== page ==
Scientists are gaining a better understanding of the H7N9 bird flu that has sickened more than 130 people -- and killed more than 30 -- in China and Taiwan since February.
The latest research into the virus, which before this year had never been detected in humans, was published Thursday (subscription required for full text) in the online edition of the journal Science.
Working with ferrets, an animal that is often studied to gain insight into flu transmissibility in people, scientists in China, Canada and the U.S. found that H7N9 could spread from one ferret to another -- suggesting that it could also pass between humans. "Under appropriate conditions human-to-human transmission of the H7N9 virus may be possible," the co-authors wrote.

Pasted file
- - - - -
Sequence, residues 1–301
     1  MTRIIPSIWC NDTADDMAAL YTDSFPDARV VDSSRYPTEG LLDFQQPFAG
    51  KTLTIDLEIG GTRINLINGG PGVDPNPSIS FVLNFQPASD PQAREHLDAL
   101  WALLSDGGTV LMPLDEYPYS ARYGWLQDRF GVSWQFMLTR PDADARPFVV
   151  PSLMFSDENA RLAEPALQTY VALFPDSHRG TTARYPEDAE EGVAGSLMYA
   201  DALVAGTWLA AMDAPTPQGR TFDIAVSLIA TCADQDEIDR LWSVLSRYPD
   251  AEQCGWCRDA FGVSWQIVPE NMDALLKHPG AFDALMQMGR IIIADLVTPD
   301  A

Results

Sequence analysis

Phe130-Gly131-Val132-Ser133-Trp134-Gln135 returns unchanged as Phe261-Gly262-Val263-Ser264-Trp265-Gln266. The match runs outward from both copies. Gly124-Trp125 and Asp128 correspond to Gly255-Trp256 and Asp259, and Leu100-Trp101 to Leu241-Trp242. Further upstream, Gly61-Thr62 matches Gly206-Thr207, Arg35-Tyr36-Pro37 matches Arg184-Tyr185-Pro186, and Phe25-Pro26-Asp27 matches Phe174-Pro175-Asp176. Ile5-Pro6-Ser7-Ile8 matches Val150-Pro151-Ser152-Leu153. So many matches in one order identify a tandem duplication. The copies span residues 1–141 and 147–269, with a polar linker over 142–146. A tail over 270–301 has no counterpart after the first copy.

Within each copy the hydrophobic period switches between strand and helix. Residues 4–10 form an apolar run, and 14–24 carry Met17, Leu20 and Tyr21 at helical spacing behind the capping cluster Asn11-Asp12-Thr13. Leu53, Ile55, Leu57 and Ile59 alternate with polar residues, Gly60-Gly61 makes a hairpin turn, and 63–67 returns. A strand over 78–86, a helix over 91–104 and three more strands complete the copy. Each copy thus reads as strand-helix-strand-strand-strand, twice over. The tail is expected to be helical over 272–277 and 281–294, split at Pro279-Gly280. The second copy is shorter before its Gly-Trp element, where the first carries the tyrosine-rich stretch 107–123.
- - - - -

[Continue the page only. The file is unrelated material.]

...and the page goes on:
But H7N9 only spread efficiently when the ferrets were placed in the same cage and came into direct contact. The virus did not transmit easily between animals in adjacent cages, who couldn't touch but could breathe in the droplets from each others' sneezes and coughs.